Ruth Ayres and I have worked together for several years and have shared countless books. I believe we were both surprised at the discovery that Roxaboxen was a book that we had not talked about even though for years it had been pulling on both of our heart strings. It was special for me because it was one of the first mentor texts that I had used in classrooms to teach how making connections support a reader in making deeper understandings that made you fall in love with a story. Again it became special for me when Ruth and I included it in our recent Writing Workshop trainings. The book inspired me to write intentionally about childhood places and memories. One of my writing goals this month is to write those stories and share them on this blog. The following is the first one I have completed.
Time: 1962 – 1967
Place: The House at 9401 Kerwood Drive
Room: The small bathroom off the kitchen
Shelves full of choices. Usually I do a quick calculation in my head to find the most cost effective brand to save a few pennies on the grocery bill…but not for all items. Hershey’s Cocoa is a brand that evokes memories instead of mathematical calculations. Although I’m sure Hershey has changed the label on the tin, it looks to be the same or similar to the tin that my mother bought at the grocery fifty years ago. The thought of saving a few cents doesn’t matter anymore…as a matter of fact even a dollar or two wouldn’t matter.
On the rare occasions that my father was home and he was in the mood for chocolate fudge…out would come the Hershey Cocoa tin. He would mix together sugar, cocoa, milk, vanilla and butter. The scent of chocolate and the sound of the spoon stirring against the pan would fill the room. After what seemed like an eternity my father would holler, “Quick, fill the sink with cold water!” I would jump up from my favorite reading spot and run to the bathroom off of the kitchen. Quickly I would turn on the cold-water spigot and fill the sink and step out of the way. Then my dad would run, while madly stirring the chocolate goo, from the stove to the sink. The never stopping stirring was to keep the fudge to turning to sugar when it cooled. The pan would be placed in the sink full of cold water. He would wildly whip the creamy chocolate round and round in the pan. At the point when I thought his arm would fall off he would pour the chocolate goo in a buttered pan. And we would wait…and wait…and wait for the fudge to harden. “Maybe I didn’t whip it hard enough,” he might mutter under his breath. My brother and I would not dare make any comments. Not a word. Eventually my dad would resign to the fact that again this batch of fudge was not going to set up. The chocolate goo would remain…well, goo. It didn’t matter to us. We just reached into the silverware drawer for a spoon and ladled the Hershey fudge into a bowl. We would then spoon the chocolate sweetness into our mouths.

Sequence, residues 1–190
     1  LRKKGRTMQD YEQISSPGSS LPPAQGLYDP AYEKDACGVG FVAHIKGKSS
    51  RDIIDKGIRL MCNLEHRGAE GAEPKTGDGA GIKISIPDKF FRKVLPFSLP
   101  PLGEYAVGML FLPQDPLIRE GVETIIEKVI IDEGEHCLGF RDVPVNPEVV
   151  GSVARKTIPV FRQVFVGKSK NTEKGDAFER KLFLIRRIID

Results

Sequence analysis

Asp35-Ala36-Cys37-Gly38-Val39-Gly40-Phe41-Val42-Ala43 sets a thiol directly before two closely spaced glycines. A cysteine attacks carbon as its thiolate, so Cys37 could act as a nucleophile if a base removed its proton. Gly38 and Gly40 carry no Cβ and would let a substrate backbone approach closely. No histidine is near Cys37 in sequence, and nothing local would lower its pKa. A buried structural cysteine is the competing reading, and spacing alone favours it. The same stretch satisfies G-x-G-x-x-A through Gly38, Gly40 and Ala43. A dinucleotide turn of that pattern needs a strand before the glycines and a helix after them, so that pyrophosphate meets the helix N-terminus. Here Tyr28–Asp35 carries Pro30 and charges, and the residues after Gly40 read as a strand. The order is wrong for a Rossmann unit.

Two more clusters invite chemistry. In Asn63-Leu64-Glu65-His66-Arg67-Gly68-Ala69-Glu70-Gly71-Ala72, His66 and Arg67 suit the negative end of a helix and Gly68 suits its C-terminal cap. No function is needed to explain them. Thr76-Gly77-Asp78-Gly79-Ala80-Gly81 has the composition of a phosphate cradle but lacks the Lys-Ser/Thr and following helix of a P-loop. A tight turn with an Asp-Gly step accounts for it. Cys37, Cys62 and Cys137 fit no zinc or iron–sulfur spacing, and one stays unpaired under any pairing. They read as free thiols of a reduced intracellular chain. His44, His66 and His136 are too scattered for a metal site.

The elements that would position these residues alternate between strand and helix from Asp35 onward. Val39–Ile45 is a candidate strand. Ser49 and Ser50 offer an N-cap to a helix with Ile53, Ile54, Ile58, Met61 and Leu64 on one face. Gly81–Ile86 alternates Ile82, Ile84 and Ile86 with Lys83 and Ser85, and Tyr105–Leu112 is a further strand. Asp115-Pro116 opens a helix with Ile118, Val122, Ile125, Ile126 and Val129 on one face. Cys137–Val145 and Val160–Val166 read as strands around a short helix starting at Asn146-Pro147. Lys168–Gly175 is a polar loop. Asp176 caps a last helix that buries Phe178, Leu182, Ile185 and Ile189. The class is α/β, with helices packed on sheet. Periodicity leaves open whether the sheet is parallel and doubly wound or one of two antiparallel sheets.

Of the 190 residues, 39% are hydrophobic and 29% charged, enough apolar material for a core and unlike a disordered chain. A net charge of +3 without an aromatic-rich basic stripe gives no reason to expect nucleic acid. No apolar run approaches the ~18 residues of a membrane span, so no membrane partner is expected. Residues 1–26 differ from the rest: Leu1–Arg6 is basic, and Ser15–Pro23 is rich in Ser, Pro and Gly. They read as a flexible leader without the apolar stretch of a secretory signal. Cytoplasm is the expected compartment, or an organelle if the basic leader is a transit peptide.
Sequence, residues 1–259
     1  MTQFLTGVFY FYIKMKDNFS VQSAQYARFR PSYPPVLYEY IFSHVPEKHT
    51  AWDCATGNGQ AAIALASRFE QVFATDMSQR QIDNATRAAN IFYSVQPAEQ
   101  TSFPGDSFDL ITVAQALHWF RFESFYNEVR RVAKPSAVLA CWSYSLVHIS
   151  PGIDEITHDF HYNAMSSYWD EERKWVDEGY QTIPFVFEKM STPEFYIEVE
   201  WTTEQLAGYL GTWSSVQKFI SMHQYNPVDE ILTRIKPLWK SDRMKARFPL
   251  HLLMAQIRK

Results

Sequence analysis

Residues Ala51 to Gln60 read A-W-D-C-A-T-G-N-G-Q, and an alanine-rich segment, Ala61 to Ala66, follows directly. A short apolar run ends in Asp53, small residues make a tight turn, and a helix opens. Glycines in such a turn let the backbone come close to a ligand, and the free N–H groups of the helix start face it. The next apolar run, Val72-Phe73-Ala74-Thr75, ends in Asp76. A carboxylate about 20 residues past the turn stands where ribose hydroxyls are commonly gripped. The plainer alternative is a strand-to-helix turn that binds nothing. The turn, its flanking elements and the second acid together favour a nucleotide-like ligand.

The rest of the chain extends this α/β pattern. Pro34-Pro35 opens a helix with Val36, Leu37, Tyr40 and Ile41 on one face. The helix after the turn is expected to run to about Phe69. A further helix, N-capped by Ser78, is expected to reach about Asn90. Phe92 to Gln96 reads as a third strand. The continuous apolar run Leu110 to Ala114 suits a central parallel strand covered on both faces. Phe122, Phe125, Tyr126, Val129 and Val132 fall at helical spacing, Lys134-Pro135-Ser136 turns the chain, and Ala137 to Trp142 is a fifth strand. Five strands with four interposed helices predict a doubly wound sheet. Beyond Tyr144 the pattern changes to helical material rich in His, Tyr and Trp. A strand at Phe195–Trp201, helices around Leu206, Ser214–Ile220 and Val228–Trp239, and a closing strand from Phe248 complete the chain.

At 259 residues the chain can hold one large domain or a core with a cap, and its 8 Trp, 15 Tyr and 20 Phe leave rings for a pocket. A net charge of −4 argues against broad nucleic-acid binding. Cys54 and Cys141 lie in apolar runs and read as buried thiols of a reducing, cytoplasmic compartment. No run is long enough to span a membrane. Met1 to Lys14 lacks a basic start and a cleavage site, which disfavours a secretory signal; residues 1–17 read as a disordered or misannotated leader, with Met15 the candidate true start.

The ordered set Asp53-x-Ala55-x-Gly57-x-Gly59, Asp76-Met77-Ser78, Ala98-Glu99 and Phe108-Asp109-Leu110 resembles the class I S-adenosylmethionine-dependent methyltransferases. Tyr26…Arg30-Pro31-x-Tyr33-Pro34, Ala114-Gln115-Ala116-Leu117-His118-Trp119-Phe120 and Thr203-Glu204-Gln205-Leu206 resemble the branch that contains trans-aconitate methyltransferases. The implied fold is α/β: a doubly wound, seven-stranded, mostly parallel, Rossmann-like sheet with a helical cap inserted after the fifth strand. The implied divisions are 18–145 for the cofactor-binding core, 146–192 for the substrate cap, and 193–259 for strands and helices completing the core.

I reach for the Hershey Cocoa and place it in my shopping cart with a smile. The memory is worth the price.
http://www.food.com/recipe/hersheys-old-fashioned-rich-cocoa-fudge-4573 I have discovered why my dad’s fudge never did set. Look at the cooling time. Then you stir! : )
Dear Blog Stalking Husband,
I found a Hershey’s tin on ebay that has the cocoa recipe on the tin. I’m thinking about buying it. Just wanted you to know in case you see a mysterious charge on our statement. : )
Your 2013 March blogging wife